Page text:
Upon arriving in Philippi, Paul and his team sought a place of prayer outside the city gate, by the river. They encountered a group of women there, including Lydia, a dealer in purple cloth from Thyatira. Lydia, described as a worshiper of God, listened to Paul’s message and was baptized along with her household, thus becoming the first convert in Europe (Acts 16:13-15).

Notable events marked the Philippian church’s early period. City officials imprisoned Paul and Silas after casting a spirit of divination out of a slave girl, disrupting her owners’ source of income (Acts 16:16-24). Despite their imprisonment, they prayed and sang hymns, and a miraculous earthquake opened the prison doors. The jailer, witnessing this, asked what he must do to be saved. Paul’s response, “Believe in the Lord Jesus, and you will be saved — you and your household,” led to the jailer's conversion and baptism (Acts 16:25-34). These conversions marked the foundation of the Philippian church.

The Philippian church continued to grow and develop after Paul’s initial ministry. Early Christian writings and historical records indicate that the church maintained its significance in the region. The Philippians’ steadfastness in faith, generosity, and adherence to Paul’s teachings made them a model community in the early Christian world.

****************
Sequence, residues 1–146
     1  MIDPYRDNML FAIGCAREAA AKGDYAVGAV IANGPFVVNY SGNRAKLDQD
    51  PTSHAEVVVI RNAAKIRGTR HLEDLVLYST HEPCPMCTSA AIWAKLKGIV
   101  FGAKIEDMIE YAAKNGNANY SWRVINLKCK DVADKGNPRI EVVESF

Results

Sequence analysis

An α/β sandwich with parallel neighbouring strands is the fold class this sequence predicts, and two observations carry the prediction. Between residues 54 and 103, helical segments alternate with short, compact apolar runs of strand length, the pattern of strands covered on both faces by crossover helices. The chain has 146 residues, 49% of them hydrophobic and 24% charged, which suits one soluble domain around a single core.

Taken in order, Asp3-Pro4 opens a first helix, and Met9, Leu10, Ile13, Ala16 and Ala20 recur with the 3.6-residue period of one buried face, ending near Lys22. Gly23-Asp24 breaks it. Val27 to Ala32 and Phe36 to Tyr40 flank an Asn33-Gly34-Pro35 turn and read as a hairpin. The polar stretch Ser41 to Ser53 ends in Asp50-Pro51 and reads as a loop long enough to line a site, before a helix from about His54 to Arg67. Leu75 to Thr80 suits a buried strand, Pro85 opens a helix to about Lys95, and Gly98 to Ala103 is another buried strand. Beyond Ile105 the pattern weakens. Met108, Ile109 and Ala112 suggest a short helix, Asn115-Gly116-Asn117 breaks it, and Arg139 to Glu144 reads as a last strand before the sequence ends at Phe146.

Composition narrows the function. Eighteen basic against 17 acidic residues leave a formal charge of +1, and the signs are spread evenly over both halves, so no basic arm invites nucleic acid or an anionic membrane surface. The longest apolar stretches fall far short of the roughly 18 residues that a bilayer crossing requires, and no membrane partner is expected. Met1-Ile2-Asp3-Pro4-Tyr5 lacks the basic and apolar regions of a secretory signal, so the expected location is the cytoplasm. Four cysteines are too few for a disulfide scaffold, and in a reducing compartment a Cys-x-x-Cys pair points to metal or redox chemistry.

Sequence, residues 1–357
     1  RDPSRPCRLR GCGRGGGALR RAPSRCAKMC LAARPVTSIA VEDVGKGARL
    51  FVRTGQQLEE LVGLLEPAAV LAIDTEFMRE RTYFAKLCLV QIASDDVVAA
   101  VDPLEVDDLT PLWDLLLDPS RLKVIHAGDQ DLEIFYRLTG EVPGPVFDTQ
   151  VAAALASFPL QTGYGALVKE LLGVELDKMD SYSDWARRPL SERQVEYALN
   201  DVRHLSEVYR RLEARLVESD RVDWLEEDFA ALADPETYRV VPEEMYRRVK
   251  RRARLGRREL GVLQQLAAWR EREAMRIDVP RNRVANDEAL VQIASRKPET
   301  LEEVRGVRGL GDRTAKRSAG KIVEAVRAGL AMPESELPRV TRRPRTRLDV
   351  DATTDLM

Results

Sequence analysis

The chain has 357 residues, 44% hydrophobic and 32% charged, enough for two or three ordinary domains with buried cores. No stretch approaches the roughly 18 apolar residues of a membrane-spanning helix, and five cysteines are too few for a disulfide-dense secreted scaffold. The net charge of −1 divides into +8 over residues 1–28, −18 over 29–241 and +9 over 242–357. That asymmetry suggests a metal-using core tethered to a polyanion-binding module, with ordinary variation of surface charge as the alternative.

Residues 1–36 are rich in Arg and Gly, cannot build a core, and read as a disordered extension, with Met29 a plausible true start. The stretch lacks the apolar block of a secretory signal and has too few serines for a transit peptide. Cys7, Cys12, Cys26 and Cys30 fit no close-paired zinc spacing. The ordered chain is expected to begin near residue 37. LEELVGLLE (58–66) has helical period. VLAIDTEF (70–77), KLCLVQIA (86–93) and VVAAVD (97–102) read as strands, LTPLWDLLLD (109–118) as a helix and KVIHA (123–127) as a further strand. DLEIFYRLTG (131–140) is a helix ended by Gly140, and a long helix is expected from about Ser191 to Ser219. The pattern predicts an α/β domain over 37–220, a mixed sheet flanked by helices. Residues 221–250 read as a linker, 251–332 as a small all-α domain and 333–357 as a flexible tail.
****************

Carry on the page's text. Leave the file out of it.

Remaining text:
The archaeological discoveries in Philippi, including early Christian inscriptions and remnants of basilicas, testify to the lasting presence and influence of Christianity in the city. These findings suggest that the church in Philippi played a vital role in the spread of Christianity throughout Macedonia and beyond.

Why Did Paul Write the Letter to the Philippians?

As the apostle responsible for planting the church in Philippi, Paul felt responsible for them to some degree and wrote them a letter of encouragement, as he did for many of the churches he planted. Each letter holds unique themes and discussions, since each church had their individual issues and needs.